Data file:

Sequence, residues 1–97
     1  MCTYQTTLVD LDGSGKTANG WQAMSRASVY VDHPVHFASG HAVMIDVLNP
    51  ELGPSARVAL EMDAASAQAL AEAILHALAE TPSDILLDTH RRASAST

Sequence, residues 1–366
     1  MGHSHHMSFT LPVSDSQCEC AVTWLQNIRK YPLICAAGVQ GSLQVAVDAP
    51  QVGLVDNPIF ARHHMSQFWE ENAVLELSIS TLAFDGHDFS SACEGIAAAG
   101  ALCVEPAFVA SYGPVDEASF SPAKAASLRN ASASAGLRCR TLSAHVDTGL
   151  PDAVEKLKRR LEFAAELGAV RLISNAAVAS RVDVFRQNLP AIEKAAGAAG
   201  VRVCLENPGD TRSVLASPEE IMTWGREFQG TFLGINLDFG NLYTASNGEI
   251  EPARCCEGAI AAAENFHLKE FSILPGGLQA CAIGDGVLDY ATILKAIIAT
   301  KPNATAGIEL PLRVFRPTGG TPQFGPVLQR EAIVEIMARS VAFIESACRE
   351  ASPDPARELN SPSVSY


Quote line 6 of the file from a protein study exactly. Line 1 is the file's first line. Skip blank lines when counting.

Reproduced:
    51  QVGLVDNPIF ARHHMSQFWE ENAVLELSIS TLAFDGHDFS SACEGIAAAG